Emin was very friendly, a rotund man but with legs of an antelope. He couldn’t speak a word of English and we were resolved to using his mobile phone to communicate with a university professor who used to be his commander. Ali was also very helpful, though as things go I never got to meet him in the end. Between the three of us I understood that Emin would feed me, so we galloped off to his tiny shack atop a plateau. He pulled me through the spiny brush that not even the goat would eat, locating the paths known from years of plying these fields. In baking clear blue skies we eventually arrived to his fenced-in enclosure. He gave me a tour of the tor, there to discover an ancient structure that could only have been Greek formerly. It was ruined and a few stones on the ground had the words written ‘Akropol..’; this place was historic. I promised to come back but I had to move to get to ImeceEvi before sunset. I trudged on, no cars stopping to give me a ride. Then, just as I approached the main turn-off for the small village it was located near, a car pulled up. It turned out to be Reyhan, the resident who’s partner owns the plot. She told me I was very lucky. In the back was Suria, the little four-year old girl who’s over-maturity sometimes exceeds my own. Ocan the driver turned out to be gay, but he was the car driver and these people were valued by the eco-farm as the only means to going to the local town and back to do the shopping. I would later find out that he was also a prominent member of the Green movement telling me that these whole protests in Turkey start with ecological issues and later develop into economic and political affairs.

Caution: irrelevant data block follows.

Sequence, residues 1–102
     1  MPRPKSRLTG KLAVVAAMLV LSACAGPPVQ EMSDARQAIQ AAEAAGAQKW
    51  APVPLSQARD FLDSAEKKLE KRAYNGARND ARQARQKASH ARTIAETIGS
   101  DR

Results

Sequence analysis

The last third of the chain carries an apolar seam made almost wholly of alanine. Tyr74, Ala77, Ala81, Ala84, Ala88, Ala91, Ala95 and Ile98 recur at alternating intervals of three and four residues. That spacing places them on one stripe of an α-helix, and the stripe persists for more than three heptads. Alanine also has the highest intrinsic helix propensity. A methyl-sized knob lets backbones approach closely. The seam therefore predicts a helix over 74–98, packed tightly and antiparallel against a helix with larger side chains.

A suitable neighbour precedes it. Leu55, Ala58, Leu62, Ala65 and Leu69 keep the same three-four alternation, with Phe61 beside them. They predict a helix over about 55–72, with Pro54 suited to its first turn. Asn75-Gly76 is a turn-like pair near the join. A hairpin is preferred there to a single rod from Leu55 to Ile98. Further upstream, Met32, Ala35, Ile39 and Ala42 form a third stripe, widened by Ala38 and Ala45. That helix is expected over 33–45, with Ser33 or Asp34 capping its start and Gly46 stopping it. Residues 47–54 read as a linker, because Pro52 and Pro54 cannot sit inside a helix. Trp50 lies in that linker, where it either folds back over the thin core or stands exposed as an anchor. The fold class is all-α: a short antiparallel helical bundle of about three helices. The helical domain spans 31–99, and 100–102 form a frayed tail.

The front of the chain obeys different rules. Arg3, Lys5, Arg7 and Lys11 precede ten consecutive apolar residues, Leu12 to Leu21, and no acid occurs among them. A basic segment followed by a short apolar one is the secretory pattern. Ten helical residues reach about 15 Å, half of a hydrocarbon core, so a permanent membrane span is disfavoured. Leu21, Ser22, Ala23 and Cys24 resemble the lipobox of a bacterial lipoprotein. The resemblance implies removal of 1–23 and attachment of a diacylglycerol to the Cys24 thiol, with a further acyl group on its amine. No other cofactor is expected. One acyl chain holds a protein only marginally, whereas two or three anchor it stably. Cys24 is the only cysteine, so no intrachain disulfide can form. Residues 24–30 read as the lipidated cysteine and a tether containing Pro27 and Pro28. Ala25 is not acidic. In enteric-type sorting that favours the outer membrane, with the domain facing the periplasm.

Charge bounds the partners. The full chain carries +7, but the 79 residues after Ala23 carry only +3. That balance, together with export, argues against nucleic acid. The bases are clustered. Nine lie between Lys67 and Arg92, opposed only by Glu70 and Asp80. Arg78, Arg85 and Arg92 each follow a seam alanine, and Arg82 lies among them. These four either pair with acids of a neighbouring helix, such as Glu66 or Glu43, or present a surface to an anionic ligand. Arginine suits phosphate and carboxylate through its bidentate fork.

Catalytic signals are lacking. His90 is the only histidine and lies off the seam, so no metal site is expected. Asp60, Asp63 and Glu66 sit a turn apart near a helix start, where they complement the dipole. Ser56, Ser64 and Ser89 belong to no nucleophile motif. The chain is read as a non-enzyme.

Reyhan would be very friendly with me, if anything too close, and I wondered at her free-loving attitude. I maintained my distance with a good heart telling her she was my soul sister; she is a Hindu. I later discovered that she had just married earlier in the year. It was a good introduction to the community, a mix of volunteers and friends of the owners who came from all parts of the globe. In the morning I had a good look around; the place was idyllic, children, young adults, parents, frequent visitations from the neighbours who were Kurdish charcoal makers, ducks, geese, chickens, cats, and dogs. And there was Cadifé the donkey locked up in his stable. Houses were built of stone, straw, and mud. With mountain-top views and rivers down below I could not have asked for more.

Internet was kept to a minimum and I quickly got into the routine of things. The area worked in principle but it was obviously a juggling act to keep everyone occupied and content at the same time. I believe Ishmael was fully aware of everyone’s sentiments and in retrospect, delivered the workload with enough enthusiasm and diversity as one could achieve. I remember after about two weeks how some of the volunteers complained about proceedings, but this should be expected from people who are firmly rooted in urban lifestyles. My only advice was that committing oneself to an eco-settlement was an act of sacrifice and people had to leave certain values behind if they were to be happy. Encroaching urban mentalities was probably the opposite of what Ishmael and Reyhan were trying to achieve, and it was a skill at least to make the whole group bond. For this Ishmael would organise introduction sessions for new volunteers who could talk about their own countries; I, for one, spent much time discussing Catalonia and some of its traditions. When the issues of environmentalism came up some people wanted to liken it to the plight of the Kurds who are fighting for their independence from Turkey. With Catalonia I could only express an intellectual affront against the government that, despite its distinct culture and language, was very much a part of Spain. We ended my session with castillas, an attempt at building human towers.